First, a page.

KPA fights case faulting tender to Joho family firm


A Container Terminal within the Port of Mombasa. PHOTO | KEVIN ODIT | NMG

The Kenya Ports Authority (KPA) wants suspension of a case challenging a decision to award Portside Freight Terminals Ltd, a firm owned by the Joho family, a deal to develop the second bulk grain handling facility at the port of Mombasa.

The KPA is seeking the suspension of the case filed by activist Okiya Omtatah, pending the filing, hearing and determination of its intended appeal against a High Court ruling dismissing its application to have the case struck out.

The port agency argues that the judge erred in finding that public interest would be well served in relying on illegally obtained evidence despite the rule of law being one of the national values in the Constitution.

It also says that unless the proceedings are suspended, it will be prejudiced during the trial because it will be forced to look at and answer the same evidence that violates its constitutional rights and the law.

“The intended appeal raises substantial questions of law. They deserve input from the Court of Appeal to avoid proceeding on doubtful foundations,” argues KPA in its application.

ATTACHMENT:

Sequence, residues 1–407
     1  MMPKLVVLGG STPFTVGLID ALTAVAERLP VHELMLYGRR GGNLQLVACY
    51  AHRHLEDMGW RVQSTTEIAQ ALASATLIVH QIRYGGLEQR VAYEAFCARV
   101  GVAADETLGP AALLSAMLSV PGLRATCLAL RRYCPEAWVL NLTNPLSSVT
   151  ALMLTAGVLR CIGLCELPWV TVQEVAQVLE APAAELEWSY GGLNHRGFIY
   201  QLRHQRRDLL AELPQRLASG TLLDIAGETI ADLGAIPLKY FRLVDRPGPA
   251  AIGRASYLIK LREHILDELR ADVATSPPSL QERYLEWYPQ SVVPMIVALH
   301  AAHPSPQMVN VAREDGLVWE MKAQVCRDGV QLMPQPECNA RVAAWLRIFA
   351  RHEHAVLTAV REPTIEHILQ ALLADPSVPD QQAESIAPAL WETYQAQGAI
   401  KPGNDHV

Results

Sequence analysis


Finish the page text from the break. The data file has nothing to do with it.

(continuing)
Justice John Onyiego had dismissed applications by KPA and Portside Freight Terminals Ltd, seeking to have the case struck out.

The judge ruled that from the particulars of the petition and arguments from both sides, the scales of justice tilt in favour of it (petition) being heard on merit so that each party gets to argue.

“The issues raised in the petition are weighty and of public importance, hence cannot be wished away casually; no party will suffer prejudice by the suit proceeding to full hearing,” said Justice Onyiego.

KPA had wanted the documents in support of the petition by Mr Omtatah struck out for allegedly having been illegally obtained.

It argued that the petition’s evidence is based on documents either marked as confidential or which are internal communication between itself and the Treasury Cabinet Secretary who is the second respondent.

The ports agency told the court that Mr Omtatah never requested any relevant public body to access the papers that he seeks to rely on.

KPA listed 12 documents it wanted to be expunged, among them an application by Portside Freight Terminals Ltd dated April 6, 2020, and received by KPA on May 15, 2020.

He says that the board took into account irrelevant considerations in relation to Portside Freight Terminals Ltd’s proposal for the development of the grain handling facility.

Mr Omtatah says that the respondents’ decision violates legitimate expectations of six companies that expected that their proposals would be considered.

The application will be heard May 30.

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